Border Agents Are Grabbing Data From Americans’ Phones Without Warrants and Storing It for 15 Years

Border Agents Are Grabbing Data From Americans’ Phones Without Warrants and Storing It for 15 Years

U.S. Senator Ron Wyden says his office was informed this summer that Customs and Border Protection (CBP) is building a massive database with content seized from Americans’ mobile phones at the border. Without warrants, the agency permits thousands of employees to search the database “for any reason,” the Oregon senator said.

The disclosure was made in a letter stamped Thursday to CBP Commissioner Chris Magnus, a former Arizona police chief appointed by President Joe Biden. In it, Wyden calls for immediate changes to the agency’s policy, specifically by halting the searches of Americans’ phones without a judge’s approval. Wyden asks Magnus for “a written plan” describing the steps the agency head will take to address the senator’s concerns.

“Innocent Americans should not be tricked into unlocking their phones and laptops,” Wyden said. “CBP should not dump data obtained through thousands of warrantless phone searches into a central database, retain the data for fifteen years, and allow thousands of DHS employees to search through Americans’ personal data whenever they want.”

It’s unclear how many Americans and foreign nationals the database’s information encompasses. The agency relies on an exception to the Fourth Amendment, Wyden says, which permits border officers to conduct “basic searches” of a traveller’s phone or laptop without a warrant. The issue here, however, is that CBP is now citing that same authority to use tools that, today, allow agents to scrape phones of all their contents — a far cry from the manual review of text messages by a single agent at the border. After CBP stores the data it collects, according to Wyden, an untold number of CBP employees can then repeatedly search it, for the next 15 years, under the agency’s current policy.

The Washington Post first reported the news.

The letter stated that Wyden’s office became aware through briefings that CBP practices included “pressuring travellers to unlock their electronic devices without adequately informing them of their rights,” and “downloading the contents of Americans’ phones into a central database, where this data is saved and searchable for 15 years by thousands of Department of Homeland Security employees, with minimal protections against abuse.”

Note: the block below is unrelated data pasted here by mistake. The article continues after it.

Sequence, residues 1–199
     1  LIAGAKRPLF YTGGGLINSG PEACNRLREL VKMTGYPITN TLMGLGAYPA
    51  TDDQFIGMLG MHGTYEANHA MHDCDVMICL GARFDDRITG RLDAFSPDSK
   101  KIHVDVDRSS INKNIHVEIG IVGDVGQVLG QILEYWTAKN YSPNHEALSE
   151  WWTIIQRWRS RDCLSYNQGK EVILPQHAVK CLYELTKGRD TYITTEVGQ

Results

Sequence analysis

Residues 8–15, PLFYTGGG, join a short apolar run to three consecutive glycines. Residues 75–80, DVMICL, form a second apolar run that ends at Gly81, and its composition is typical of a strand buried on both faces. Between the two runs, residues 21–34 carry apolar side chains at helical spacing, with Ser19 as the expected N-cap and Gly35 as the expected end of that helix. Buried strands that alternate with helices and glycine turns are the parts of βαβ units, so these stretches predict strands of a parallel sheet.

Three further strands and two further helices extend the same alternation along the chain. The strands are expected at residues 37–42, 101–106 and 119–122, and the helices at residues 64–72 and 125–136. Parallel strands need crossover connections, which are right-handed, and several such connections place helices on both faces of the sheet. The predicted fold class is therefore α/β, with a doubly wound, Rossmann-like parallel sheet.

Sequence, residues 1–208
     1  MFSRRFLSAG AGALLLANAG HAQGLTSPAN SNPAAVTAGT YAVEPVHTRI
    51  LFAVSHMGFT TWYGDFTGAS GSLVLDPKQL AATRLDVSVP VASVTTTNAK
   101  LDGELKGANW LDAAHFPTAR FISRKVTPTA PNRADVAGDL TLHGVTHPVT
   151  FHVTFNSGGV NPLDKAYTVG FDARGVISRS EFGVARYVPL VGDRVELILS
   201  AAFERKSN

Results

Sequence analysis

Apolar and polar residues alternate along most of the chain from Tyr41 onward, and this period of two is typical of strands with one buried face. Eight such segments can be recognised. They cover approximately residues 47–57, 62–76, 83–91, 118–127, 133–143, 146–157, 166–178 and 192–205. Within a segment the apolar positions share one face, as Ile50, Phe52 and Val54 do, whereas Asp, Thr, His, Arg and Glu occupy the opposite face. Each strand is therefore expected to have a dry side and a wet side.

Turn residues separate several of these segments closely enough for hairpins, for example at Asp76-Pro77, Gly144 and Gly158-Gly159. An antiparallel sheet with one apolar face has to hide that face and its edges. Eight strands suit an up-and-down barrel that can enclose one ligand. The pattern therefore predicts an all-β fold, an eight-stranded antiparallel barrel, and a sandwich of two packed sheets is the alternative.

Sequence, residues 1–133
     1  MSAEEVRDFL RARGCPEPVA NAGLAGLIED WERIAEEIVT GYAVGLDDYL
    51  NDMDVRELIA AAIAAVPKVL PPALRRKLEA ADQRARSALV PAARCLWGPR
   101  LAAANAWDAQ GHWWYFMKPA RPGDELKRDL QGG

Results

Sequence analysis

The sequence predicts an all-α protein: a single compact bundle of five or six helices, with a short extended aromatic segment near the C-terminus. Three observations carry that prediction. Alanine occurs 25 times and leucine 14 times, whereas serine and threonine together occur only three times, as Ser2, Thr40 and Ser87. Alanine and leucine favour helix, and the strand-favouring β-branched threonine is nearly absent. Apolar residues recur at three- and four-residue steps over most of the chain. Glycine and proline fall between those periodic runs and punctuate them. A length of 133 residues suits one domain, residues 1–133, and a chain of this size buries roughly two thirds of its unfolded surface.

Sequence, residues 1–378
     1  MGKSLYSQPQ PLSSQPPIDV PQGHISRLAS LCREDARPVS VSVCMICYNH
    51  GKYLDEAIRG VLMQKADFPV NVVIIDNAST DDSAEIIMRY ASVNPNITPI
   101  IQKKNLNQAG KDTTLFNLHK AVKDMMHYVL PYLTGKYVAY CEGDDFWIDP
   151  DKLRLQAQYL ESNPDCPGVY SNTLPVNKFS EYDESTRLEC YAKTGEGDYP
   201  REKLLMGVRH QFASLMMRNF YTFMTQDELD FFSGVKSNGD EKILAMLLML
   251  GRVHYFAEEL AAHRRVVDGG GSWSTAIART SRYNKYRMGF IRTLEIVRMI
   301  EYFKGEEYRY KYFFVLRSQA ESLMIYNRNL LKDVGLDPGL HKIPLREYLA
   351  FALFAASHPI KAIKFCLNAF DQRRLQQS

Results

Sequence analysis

It continues:

“In a June 20, 2022 briefing to my office, CBP estimated that it forensically examines and then saves data from ‘less than 10,000′ phones per year — which typically include text messages, call logs, contact lists, and in some cases photos and other sensitive data — in a central database. CBP confirmed during this briefing that it stores this deeply personal data taken, without a warrant signed by a judge, from Americans’ phones for 15 years and permits approximately 2,700 DHS personnel to search this data at any time, for any reason.”

Wyden, a 20-year veteran of the Senate Intelligence Committee, said that DHS employees are keeping no records describing the purposes of their searches, an oversight that engenders abuse and makes auditing the practice nearly impossible.

Additionally, he said that CBP had so far failed to provide any statistics on how many Americans are referenced in the database, or how often government employees use it.

In response to an inquiry, CBP sent Gizmodo a 1,840 word email, bullet-pointed, including what seems to be a collection of revised text pulled from a 4-year-old privacy impact report. (You can read the entire email here.)

The email opens by describing CBP’s broad search authority, which it says “extends to all persons and goods, including electronic devices, crossing our nation’s borders.” In a section describing its border search policy, CBP says its employees can conduct an “advance search” of a person’s device — using equipment that downloads its contents — with a supervisor’s permission. Reasonable suspicion can be used, but is not a requirement, it says. CBP employees can instead have a “national security concern.”

It’s not immediately clear what a “national security concern” is or why DHS differentiates it from “reasonable suspicion,” an already low evidentiary standard, well below what police and prosecutors need to view the contents of a phone. (The American Civil Liberties Union was likewise perplexed by the term when DHS started using it in conjunction with mobile phone searches, writing it is “not clearly defined in the policy and potentially vague enough to cover a wide array of scenarios.”)

On “concern” alone, CBP can also review content ripped from a device using an Automated Targeting System (ATS), the agency’s email says. Based on the government’s description of how an ATS works, this practice would evaluate the downloaded content, including contact lists, against scores of internet and external databases, such as those used to identify terror suspects or locate individuals with outstanding warrants — without a warrant or reasonable suspicion that a crime has occurred.

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